The Food and Drug Administration licensed a new smallpox vaccine in 2007 (ACAM2000), which replaced the previously licensed vaccine (Dryvax). Two other smallpox vaccines at the Strategic National Stockpile are Aventis Pasteur smallpox vaccine (WetVax) and Imvamune.

WetVax is a liquid formulation of a live vaccinia virus similar to the lyophilized smallpox vaccine, Dryvax. ACAM2000 and WetVax are administered by scarification (percutaneous route) using 15 jabs of a bifurcated needle that has been dipped in the vaccine. The live smallpox vaccine provides a high level of immunity for three to five years with decreasing immunity after that, but some protection against death may last 30 years.

Imvamune is a third-generation, non-replicating smallpox vaccine for use in healthy populations as well as people with immune disorders or pre-existing skin conditions such as atopic dermatitis and who cannot be safely vaccinated with a live smallpox vaccine. Imvamune requires two doses, four weeks apart and is administered subcutaneously.

In a public health emergency due to smallpox, the two live vaccines will be used primarily to stop the chain of transmission. Post-exposure vaccination has been shown to be effective because a rapid immune response can be generated in exposed people. The incubation period of smallpox averages 12 to 14 days. Following vaccination, antibodies can be detected within a week. Observational studies suggest that vaccination within three or four days of exposure may reduce severity of disease. Vaccination four to seven days after exposure may confer some protection.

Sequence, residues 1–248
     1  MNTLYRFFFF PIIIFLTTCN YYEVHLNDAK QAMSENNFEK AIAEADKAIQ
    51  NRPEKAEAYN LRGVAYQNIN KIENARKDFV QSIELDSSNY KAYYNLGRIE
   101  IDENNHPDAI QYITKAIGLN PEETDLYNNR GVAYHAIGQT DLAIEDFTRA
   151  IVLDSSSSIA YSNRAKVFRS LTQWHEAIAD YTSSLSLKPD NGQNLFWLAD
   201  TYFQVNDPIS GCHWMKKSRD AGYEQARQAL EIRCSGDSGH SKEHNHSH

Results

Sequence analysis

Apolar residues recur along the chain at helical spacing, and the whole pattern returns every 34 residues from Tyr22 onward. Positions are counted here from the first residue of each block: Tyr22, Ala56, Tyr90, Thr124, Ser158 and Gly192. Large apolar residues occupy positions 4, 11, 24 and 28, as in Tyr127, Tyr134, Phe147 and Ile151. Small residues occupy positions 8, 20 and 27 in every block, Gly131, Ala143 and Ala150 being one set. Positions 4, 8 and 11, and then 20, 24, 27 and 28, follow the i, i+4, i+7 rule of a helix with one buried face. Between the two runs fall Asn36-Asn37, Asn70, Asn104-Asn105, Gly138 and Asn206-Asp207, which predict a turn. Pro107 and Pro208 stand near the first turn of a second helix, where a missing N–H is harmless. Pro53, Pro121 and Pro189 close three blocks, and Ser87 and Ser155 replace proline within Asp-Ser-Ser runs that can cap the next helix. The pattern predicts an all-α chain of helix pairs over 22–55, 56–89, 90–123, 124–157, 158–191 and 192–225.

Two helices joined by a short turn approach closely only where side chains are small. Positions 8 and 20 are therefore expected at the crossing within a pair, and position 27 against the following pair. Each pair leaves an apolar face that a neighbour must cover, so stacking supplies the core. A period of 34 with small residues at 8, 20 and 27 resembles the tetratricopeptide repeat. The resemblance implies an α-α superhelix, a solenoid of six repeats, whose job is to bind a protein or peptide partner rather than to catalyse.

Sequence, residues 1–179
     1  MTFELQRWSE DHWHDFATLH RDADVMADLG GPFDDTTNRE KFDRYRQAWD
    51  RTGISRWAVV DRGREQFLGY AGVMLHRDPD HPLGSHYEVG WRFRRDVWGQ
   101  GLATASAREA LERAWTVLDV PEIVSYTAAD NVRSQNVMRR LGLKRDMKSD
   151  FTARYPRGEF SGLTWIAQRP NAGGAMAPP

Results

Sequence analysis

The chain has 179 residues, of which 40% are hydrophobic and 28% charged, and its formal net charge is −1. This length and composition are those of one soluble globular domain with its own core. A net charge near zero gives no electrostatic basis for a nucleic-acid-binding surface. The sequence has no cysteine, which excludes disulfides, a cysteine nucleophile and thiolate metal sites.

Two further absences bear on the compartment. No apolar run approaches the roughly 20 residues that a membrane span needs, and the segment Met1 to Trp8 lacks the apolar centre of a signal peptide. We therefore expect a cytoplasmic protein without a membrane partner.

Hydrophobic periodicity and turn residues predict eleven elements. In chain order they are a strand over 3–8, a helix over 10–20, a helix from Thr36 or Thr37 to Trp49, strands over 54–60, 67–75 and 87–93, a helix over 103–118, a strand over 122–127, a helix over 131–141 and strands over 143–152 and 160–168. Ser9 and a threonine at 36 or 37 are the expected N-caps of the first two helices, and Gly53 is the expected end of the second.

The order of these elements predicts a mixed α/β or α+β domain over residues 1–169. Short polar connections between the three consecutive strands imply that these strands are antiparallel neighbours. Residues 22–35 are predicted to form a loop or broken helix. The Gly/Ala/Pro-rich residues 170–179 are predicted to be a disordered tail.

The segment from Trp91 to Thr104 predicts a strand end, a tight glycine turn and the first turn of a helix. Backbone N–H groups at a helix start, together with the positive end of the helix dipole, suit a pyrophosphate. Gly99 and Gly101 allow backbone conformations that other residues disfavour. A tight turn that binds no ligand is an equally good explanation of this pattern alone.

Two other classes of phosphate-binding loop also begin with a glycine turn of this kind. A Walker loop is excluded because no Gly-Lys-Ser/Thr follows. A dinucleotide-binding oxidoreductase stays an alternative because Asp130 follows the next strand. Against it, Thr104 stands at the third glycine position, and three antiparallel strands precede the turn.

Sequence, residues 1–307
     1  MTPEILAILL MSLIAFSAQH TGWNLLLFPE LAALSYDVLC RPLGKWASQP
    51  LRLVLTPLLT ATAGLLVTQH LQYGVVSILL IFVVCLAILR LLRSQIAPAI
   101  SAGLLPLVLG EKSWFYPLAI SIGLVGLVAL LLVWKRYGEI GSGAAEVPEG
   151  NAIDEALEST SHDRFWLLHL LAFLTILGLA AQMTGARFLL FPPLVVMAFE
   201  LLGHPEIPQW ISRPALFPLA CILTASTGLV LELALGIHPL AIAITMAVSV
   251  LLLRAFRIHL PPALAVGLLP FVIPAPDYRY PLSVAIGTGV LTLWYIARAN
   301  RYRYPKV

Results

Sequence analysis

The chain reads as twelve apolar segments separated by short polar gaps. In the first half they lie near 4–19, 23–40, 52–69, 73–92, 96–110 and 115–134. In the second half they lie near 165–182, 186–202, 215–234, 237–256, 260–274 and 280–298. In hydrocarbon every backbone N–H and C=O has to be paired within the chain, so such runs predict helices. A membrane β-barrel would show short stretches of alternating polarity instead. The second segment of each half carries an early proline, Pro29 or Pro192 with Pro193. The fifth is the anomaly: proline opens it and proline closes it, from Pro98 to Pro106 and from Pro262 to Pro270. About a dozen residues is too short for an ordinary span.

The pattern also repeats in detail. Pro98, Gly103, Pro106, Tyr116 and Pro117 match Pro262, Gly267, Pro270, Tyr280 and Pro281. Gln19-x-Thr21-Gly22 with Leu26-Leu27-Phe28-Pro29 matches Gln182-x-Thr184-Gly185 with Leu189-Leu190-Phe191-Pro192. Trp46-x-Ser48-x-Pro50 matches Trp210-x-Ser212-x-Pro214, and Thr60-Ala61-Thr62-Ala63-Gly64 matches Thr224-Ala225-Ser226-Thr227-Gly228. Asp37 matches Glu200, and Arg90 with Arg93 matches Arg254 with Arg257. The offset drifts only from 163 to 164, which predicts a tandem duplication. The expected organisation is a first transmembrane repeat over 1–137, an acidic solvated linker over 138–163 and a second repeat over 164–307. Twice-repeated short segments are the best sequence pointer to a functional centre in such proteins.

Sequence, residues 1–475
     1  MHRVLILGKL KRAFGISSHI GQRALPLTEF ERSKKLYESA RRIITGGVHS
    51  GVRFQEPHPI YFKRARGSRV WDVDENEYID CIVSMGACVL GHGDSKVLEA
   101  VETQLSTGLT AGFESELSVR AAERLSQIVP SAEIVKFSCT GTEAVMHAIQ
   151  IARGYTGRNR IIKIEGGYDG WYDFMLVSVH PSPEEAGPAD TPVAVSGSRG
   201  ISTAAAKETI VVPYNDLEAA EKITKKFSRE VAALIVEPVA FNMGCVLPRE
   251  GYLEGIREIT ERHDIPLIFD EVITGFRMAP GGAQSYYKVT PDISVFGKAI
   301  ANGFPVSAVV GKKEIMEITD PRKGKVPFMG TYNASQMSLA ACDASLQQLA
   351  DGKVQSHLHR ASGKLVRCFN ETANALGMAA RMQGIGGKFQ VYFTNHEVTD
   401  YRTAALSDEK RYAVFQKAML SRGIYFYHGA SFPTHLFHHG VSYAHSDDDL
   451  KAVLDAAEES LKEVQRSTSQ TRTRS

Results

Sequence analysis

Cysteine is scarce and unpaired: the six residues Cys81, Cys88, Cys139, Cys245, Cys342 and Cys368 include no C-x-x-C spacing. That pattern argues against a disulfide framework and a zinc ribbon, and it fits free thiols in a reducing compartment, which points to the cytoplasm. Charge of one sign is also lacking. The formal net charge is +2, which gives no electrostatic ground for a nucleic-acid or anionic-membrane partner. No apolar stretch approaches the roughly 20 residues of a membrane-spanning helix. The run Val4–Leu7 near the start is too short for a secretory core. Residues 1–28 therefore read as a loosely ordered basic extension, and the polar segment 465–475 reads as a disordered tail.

Unlike the two live-attenuated smallpox vaccines, Imvamune was not evaluated during the eradication of smallpox, so its usefulness as post-exposure prophylaxis is unknown. An Emergency Use Authorization would permit use of this vaccine in children.

If vaccination with a live vaccine is successful, a red and itchy bump develops at the vaccination site within three or four days (see photos below). The bump becomes a blister, fills with pus and begins to drain. During the second week, the blister begins to dry up and a scab forms. In the third week, the scab falls off, leaving a small scar.

Smallpox vaccines are not available for members of the general public. However, the U.S. has a sufficient stockpile to vaccinate anyone at risk in the event of a smallpox emergency. Recommendations for use of the vaccine will be determined by public health authorities based on the characteristics of the outbreak. Anyone directly exposed to smallpox would be offered the vaccine because risks associated with smallpox disease are far greater than those posed by the vaccine. Depending on the circumstances of the event, people without smallpox exposure may be at risk and may be recommended to receive vaccination.

Dr. Meissner is professor of pediatrics at Floating Hospital for Children, Tufts Medical Center. He also is an ex officio member of the AAP Committee on Infectious Diseases and associate editor of the AAP Visual Red Book.